Thursday, May 24, 2012
Friendly Neighbours: Notes on Succession Planting and Intercropping: Part III
Intercropping is not exactly the same thing as succession planting, but it does fall into the category of being creative about how you plant your vegetables to maximize results. Intercropping means planting two vegetables in the same area, but choosing plants that can get along amicably.
a) Planting carrots in with radishes. Radishes grow and mature quickly and they loosen up the soil, which is good for the carrots. Radishes are then picked earlier in the season, leaving lots of room for the slower-maturing carrots.
b) Growing lettuce in the shade of tomato plants. Reading this made me dubious because I wondered how I would ever be able to get to anything in the nooks and crannies of my Tomato Jungle. However, another tomato/lettuce symbiosis that seemed a lot more practical involved planting tomato plants two feet apart (an optimal spacing for the larger, mature plants but a lot more space then teensy transplants need) and planting lettuce between then while the plants are small. Lettuce grows and matures quickly and would be long gone by the time the tomato plants start to get gangly and big and take over the space.
c) One of the more famous examples of Intercropping is the Three Sisters. This is the practise of planting corn, beans and squash together, as they co-exist in a three-way mutualistic symbiosis (beneficial to all).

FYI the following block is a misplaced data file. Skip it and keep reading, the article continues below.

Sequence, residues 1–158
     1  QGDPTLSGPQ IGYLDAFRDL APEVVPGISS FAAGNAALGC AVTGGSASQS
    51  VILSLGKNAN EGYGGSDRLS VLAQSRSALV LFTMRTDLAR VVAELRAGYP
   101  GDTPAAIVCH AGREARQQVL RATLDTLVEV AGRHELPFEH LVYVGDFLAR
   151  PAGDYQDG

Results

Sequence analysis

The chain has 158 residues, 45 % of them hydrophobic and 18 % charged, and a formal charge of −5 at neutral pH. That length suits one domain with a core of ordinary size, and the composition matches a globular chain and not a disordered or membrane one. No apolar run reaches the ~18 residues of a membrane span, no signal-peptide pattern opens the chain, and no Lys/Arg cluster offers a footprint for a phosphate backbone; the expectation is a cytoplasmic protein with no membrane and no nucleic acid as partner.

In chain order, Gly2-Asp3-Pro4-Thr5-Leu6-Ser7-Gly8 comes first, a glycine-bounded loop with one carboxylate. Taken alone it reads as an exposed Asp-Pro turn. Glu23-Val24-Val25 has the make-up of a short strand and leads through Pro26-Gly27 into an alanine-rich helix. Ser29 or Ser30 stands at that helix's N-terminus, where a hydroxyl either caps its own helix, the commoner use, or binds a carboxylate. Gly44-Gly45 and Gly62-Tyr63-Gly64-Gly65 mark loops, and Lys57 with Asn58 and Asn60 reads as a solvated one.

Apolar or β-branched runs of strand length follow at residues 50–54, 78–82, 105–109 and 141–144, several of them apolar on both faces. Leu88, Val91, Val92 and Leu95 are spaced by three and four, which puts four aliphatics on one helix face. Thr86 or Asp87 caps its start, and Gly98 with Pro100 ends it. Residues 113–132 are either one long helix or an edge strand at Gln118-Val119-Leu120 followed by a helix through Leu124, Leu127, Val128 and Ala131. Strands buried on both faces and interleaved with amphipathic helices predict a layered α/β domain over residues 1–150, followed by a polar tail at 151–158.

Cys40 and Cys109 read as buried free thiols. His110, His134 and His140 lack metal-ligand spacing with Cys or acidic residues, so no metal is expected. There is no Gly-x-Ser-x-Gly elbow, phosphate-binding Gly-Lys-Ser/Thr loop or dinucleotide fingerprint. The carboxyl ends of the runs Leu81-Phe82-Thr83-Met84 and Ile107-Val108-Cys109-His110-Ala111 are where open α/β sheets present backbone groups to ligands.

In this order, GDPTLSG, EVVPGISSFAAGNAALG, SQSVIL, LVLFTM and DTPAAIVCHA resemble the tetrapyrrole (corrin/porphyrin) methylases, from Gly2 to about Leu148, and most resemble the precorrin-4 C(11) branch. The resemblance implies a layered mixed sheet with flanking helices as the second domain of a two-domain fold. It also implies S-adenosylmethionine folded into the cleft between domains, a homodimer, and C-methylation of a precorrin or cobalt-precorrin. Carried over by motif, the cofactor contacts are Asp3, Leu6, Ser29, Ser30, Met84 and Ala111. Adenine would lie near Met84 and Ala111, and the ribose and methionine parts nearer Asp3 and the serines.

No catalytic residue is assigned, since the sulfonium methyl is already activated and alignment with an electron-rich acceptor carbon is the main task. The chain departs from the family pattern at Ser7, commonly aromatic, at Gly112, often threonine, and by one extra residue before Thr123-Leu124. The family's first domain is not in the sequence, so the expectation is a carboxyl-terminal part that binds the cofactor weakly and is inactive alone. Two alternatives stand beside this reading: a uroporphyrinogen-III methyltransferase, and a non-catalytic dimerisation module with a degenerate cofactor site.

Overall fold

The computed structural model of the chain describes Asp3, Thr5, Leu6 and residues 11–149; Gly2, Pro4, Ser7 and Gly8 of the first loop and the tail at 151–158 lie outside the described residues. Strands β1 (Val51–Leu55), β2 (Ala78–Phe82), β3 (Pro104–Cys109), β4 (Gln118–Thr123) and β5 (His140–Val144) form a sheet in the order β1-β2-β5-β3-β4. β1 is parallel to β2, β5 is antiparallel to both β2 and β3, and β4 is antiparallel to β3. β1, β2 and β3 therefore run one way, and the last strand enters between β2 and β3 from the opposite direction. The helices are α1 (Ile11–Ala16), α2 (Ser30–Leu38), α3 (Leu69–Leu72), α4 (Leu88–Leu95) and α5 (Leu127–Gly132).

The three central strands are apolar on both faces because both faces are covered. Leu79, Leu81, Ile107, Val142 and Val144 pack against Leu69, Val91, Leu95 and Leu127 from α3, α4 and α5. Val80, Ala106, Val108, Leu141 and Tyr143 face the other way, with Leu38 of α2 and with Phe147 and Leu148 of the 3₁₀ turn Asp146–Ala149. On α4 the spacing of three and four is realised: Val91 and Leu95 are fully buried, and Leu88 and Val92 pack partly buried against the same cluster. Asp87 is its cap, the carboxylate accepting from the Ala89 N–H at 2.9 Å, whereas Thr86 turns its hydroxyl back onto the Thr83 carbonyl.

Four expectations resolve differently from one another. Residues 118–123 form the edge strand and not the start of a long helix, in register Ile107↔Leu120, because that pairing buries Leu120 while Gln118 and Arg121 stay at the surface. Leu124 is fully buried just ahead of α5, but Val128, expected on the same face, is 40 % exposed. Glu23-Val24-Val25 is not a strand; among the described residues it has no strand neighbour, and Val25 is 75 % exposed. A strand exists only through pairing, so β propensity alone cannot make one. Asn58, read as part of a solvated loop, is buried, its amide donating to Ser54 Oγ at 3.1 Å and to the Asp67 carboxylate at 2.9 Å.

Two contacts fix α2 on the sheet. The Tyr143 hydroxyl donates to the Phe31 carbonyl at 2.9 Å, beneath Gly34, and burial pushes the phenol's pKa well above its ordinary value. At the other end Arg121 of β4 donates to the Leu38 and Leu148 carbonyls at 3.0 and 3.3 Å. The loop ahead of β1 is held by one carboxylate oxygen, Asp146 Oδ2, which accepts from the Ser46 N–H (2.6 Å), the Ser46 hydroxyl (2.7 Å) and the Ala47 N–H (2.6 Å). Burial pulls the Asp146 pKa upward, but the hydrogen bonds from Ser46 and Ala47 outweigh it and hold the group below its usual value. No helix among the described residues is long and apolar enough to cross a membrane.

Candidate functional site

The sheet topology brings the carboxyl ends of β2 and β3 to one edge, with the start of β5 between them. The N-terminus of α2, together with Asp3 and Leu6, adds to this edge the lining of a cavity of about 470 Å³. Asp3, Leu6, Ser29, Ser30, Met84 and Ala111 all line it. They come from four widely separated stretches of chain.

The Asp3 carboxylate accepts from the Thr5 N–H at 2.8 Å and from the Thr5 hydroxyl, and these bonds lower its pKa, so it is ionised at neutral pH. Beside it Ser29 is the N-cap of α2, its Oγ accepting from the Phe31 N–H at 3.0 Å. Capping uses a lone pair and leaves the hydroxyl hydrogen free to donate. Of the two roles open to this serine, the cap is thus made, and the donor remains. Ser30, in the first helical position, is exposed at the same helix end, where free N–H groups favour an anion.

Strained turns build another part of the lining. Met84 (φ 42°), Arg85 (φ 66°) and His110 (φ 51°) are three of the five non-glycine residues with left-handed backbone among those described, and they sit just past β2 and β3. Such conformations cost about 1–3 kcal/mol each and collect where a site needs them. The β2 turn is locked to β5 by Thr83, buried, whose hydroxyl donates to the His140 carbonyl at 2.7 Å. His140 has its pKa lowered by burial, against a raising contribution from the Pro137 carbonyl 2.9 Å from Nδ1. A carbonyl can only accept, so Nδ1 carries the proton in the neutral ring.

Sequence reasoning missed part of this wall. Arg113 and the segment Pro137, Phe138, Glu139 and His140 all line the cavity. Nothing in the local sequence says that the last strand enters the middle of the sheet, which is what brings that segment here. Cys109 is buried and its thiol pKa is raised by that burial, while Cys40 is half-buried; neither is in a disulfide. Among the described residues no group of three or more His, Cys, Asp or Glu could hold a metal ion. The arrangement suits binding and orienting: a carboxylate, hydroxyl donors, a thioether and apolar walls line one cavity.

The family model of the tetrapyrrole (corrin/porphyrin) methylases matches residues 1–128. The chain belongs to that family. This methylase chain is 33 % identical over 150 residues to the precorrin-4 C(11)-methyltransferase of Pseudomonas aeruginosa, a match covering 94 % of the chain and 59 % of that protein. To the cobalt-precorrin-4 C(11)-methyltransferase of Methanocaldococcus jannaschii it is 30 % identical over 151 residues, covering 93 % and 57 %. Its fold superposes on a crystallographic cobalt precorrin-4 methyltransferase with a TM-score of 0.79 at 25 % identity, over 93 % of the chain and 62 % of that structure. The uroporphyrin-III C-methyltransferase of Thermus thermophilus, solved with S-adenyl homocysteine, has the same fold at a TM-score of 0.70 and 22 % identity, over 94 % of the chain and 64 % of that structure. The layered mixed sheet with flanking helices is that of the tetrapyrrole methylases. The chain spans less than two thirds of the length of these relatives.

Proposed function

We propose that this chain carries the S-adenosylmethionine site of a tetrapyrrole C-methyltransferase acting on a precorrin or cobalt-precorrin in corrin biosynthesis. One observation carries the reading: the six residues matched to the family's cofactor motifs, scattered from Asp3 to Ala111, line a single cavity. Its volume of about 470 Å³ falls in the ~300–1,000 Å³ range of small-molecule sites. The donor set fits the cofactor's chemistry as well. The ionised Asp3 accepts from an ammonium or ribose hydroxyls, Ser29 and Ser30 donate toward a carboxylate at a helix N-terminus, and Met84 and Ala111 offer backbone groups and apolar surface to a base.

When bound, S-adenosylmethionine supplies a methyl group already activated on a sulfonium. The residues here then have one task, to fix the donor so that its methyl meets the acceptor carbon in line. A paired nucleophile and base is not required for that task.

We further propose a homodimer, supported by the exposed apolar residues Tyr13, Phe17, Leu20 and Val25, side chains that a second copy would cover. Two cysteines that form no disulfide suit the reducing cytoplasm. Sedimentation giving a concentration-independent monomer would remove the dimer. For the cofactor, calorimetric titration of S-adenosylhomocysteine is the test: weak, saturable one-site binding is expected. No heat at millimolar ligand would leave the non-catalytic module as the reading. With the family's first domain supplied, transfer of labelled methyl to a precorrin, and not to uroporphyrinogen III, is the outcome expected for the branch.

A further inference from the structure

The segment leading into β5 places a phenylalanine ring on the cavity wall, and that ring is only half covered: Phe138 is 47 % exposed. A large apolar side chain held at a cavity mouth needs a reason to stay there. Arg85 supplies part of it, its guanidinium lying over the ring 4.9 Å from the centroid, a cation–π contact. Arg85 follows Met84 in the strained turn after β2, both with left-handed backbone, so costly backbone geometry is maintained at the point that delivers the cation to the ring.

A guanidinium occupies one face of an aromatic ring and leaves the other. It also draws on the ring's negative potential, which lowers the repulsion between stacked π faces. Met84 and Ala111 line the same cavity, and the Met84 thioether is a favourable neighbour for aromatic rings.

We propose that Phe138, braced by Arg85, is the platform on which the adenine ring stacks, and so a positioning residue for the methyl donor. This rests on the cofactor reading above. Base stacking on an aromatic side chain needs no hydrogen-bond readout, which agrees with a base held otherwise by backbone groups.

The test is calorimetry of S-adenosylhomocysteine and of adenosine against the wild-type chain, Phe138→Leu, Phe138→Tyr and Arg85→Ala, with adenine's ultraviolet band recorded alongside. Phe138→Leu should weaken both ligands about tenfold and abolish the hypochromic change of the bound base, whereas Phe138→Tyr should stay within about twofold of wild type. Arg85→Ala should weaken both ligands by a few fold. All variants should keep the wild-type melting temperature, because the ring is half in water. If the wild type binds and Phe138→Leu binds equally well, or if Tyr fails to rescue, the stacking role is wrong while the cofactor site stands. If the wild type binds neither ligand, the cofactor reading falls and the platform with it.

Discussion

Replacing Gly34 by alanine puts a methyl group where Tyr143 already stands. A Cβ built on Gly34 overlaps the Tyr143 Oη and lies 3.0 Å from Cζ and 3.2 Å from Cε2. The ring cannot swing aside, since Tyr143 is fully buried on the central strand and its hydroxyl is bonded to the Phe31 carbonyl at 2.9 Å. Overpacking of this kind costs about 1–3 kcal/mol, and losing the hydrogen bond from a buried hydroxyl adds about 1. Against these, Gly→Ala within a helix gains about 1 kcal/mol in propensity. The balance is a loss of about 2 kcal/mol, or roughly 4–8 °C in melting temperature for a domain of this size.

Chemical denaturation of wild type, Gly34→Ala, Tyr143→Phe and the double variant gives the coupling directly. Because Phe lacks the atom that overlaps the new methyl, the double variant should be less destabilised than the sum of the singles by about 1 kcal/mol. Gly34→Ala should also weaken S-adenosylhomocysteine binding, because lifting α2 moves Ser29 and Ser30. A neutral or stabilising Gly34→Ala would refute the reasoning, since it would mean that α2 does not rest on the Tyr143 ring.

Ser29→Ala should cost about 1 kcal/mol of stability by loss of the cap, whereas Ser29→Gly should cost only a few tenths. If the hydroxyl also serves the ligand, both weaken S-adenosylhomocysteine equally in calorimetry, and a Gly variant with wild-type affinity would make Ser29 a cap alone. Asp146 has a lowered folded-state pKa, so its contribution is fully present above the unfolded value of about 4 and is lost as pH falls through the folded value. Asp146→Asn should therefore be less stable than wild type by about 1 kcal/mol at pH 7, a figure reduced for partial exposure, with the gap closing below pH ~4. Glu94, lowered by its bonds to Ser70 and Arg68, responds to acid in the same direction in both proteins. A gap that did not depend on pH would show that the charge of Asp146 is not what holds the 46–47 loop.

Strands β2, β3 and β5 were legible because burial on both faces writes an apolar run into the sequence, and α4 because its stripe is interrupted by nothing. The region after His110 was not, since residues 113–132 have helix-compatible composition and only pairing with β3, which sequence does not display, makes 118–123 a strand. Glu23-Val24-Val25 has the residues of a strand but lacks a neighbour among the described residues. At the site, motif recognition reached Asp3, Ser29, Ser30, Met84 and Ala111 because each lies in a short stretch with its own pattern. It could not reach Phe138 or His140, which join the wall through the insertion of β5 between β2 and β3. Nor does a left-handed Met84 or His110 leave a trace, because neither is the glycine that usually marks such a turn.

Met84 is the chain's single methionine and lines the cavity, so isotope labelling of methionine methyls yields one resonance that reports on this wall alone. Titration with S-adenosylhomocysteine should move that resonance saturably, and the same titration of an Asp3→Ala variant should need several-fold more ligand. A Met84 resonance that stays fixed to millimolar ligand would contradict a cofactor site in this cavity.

I couldn't explain it any better than the author of this website, so I quote:
"Corn provides a natural pole for bean vines to climb. Beans fix nitrogen on their roots, improving the overall fertility of the plot by providing nitrogen to the following years corn. Bean vines also help stabilize the corn plants, making them less vulnerable to blowing over in the wind. Shallow-rooted squash vines become a living mulch, shading emerging weeds and preventing soil moisture from evaporating, thereby improving the overall crops chances of survival in dry years. Spiny squash plants also help discourage predators from approaching the corn and beans. The large amount of crop residue from this planting combination can be incorporated back into the soil at the end of the season, to build up the organic matter and improve its structure" (http://www.reneesgarden.com/articles/3sisters.html).
Some final words on Succession Planting and Intercropping:
1. Label everything well. Otherwise, you may lose track of which seeds are planted where, and you might not know where to begin planting your next batch of seeds.
2. Preplan your garden. Take the time to figure out which crops could share spaces either simultaneously (like tomatoes and lettuce) or one after another (like peas and egg plants).
3. Re-energize the soil frequently with compost between plantings.
~Miss Greenish Thumb~